PS; It is worth nothing that Henry 111 (Of England) signed a law decreeing the death penalty for anyone found killing, wounding or maiming fairies. There is nothing in print to suggest this applied to Leprechauns?
* Kilnamanagh is a housing estate on the south side of Dublin city in the townland of 'Tallaght'.
Thursday, 26 March 2015
Reeds along the water bank hide a myriad of secrets known only to the fish and other inhabitants of the water and its surrounds. They present a magical enclosure where the dark forces of life reside.
Fish with humps, ducks with walking sticks, swans in wheelchairs amongst other unsightly and unpleasant residents.
Humans are advised to stay away or suffer the consequences. What these consequences are I am not sure.
I have spoken to an old fish on the night the reeds are tallest and he revealed some of the terrors that reside within.
He spoke about the dreaded Turret rat, so called because their teeth resemble the turret of a castle. How he or any other fish know what a castle looks like is beyond me but I didn't question him, decided to just listen.
I am sworn to secrecy about the location of this meet or the date on which it took place. The dark forces within the reeds are very secretive. He tells me turret is always on the lookout for victims of the human kind.
He reminded me of the many missing people around the world who after a night out, disappear without trace or explanation. This is the work of Turret and his accomplices within the reeds.
Their dark deeds are often disturbed when well minded councils or conservation groups cut the reeds back. They look on this as time out or rest time, knowing the reeds grow back quickly.
Turret will often recruit a long slithery pike to use as a whip around the ankles of unsteady humans. Particularly in the early hours of the morning. They will be pulled into the water and mashed into a slime by thousands of hammer head flies which is then used as a slush like drink for the reeds.
These hammerheads are very good at taking instructions from Turret and his cohorts in the dark army. They feel safe in the reeds because humans look to the water for menace.
Reeds can also talk to each other but refuse to converse with other life forms. They won’t even talk to Turret or any of the other residents of their enclosure. They see the human slush as part payment for the protection life form receives in their space.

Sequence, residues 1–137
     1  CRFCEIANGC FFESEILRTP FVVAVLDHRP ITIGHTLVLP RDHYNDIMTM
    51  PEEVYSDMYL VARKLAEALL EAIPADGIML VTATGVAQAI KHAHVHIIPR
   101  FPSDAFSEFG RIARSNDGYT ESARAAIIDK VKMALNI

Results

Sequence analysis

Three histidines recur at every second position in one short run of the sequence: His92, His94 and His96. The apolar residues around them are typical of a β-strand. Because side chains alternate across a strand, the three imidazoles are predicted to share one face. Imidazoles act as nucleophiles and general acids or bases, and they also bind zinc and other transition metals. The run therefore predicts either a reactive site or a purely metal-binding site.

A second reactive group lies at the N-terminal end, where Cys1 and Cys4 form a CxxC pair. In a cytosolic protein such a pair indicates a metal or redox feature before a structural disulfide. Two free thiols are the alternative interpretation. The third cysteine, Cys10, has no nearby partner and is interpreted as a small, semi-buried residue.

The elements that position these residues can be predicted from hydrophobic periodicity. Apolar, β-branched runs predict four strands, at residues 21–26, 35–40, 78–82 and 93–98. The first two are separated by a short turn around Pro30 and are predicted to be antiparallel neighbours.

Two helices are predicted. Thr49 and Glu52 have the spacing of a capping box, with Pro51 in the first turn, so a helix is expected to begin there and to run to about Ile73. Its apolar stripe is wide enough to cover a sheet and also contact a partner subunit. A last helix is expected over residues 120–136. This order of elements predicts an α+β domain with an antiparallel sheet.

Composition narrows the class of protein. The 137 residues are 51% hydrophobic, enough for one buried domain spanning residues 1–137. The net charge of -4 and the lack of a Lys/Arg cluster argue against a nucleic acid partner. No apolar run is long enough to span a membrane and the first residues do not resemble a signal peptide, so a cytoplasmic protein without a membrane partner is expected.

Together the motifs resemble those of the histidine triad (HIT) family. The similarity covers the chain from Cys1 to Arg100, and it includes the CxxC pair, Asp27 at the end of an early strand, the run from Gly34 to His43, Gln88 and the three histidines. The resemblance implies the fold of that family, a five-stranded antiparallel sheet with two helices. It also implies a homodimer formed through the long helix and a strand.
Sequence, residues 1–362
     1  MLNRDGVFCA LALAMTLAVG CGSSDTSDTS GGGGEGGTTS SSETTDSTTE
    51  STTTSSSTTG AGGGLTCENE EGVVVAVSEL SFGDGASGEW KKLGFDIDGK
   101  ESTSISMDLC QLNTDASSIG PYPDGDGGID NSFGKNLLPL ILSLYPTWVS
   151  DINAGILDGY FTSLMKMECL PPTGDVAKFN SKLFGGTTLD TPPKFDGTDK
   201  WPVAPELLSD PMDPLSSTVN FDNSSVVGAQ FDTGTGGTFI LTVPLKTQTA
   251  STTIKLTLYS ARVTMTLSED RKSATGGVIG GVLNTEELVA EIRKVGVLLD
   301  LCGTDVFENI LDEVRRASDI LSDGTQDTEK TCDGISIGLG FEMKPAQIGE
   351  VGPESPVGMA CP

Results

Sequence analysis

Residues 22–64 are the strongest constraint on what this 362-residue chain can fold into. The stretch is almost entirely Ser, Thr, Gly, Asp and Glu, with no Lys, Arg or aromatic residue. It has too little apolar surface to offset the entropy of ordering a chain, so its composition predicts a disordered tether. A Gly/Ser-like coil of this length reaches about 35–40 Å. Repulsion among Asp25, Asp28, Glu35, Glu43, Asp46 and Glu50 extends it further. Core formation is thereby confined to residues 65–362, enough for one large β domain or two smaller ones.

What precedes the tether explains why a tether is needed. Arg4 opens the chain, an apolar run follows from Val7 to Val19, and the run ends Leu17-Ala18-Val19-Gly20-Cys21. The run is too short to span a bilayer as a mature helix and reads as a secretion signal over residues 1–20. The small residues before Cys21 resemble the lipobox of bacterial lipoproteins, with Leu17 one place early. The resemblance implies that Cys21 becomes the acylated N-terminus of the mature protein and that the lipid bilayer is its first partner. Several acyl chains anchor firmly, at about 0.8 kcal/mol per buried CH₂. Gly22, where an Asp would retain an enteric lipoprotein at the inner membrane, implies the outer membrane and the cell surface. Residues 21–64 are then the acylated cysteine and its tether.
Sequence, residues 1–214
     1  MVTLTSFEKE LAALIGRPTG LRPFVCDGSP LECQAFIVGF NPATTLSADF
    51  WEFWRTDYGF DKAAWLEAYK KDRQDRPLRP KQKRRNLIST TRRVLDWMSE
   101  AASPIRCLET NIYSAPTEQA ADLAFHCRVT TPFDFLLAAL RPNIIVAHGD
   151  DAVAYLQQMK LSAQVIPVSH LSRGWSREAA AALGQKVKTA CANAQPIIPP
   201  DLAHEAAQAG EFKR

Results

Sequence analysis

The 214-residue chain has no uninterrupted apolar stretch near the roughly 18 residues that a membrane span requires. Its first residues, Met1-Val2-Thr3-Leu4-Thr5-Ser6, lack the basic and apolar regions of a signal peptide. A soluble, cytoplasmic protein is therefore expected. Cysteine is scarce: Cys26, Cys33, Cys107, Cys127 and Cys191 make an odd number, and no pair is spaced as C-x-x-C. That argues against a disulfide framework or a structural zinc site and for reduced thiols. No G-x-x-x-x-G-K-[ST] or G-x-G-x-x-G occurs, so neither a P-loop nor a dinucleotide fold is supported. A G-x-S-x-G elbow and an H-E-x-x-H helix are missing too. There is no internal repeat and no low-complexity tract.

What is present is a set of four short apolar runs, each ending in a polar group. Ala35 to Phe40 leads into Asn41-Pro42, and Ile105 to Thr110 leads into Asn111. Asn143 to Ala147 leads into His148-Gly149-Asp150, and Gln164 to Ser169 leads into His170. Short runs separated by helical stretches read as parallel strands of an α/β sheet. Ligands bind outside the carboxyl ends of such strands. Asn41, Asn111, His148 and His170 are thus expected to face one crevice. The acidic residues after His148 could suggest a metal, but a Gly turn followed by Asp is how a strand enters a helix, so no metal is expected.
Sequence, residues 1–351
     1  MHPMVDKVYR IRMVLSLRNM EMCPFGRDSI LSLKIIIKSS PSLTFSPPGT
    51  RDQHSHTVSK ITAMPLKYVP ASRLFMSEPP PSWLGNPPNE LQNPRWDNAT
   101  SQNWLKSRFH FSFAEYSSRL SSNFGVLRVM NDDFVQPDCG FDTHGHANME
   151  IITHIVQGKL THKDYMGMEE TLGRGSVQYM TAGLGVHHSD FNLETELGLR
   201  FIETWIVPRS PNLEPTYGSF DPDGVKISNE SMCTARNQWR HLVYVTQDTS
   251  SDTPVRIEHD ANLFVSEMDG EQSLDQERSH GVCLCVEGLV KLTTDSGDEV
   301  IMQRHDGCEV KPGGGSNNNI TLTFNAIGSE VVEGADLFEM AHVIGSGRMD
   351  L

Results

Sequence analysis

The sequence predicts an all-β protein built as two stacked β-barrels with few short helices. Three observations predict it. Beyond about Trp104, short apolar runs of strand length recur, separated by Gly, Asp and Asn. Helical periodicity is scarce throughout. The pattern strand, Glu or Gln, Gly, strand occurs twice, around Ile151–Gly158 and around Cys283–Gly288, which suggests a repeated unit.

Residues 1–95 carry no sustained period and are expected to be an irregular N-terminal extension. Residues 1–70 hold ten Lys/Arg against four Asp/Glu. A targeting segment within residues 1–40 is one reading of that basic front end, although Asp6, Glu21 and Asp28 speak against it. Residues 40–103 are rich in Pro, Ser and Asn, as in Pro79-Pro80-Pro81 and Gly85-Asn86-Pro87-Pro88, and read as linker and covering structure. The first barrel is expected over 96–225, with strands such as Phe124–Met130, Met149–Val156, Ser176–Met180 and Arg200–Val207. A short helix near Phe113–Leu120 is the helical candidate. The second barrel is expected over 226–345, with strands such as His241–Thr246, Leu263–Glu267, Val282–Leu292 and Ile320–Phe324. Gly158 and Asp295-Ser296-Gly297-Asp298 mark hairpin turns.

JC-Dublin-A City defined by its Whispering Reeds
Saturday, 21 February 2015
‘I forgot to remember to forget’ is a phrase that comes to mind as I ponder a question posed in a local newspaper ‘Don’t forget to have fun’. Ironically I have forgotten what fun is?
I am having a flashback to Cyndi lauper’s 1984 hit song ‘Girls just wanna have fun’.
Is fun something you can remember to have, like remembering to pay bills or or collect someone from the airport?
Surely having fun is a consequence rather than an intentional act.
Could I possibly look at my watch, see its three o’clock “Oh! Time to have fun” and off I go?
I suppose it depends on what one does for fun, as I read recently in David Norris’s Autobiography ‘A kick against the pricks’, about a family living close to him on North Great Georges Street in Dublin’s North City, who built a snow man and a snow seat on the street for all to enjoy. People were having good fun with this until three teenage girls came along and had fun knocking down the snowman. The act was fun for them (The girls) while the consequence of the act was hurt and anger for the couple who built it.
There was also the group of Chelsea football fans who had fun throwing a coloured man of the Metro in Paris. Hopefully the consequence of this act of fun will be jail time or at least a hefty fine.
Some will have fun running a marathon which can be hard work, painful and energy draining to say the least. Others enjoy playing rugby as the Irish team did against France last week. It wasn’t a fun game as it struggled to entertain but the outcome or consequence was fun for the Irish team and supporters who revelled in the win.
For me! I have fun challenging perceptions or taking on the impossible and making it possible.
I also have fun writing nonsense like this?
Dublin-A City defined by its sense of fun
Wednesday, 28 January 2015
A night of carols in the National Concert Hall accentuates the process or form that leads to a pre-determined outcome.
We have the choir, Ruby the diva, Orchestra made up of all the constituent parts. There were brass, strings, drums, organ, as well as the leader and conductor.
This is a nice safe way to enjoy a traditional Christmas, safe from the cold emanating from at least six inches of snow (150 mm),
There is of course nothing wrong with this, twelve days of Christmas, some Strauss, Wagner, Handel’s Messiah, enjoyed by a less than full auditorium.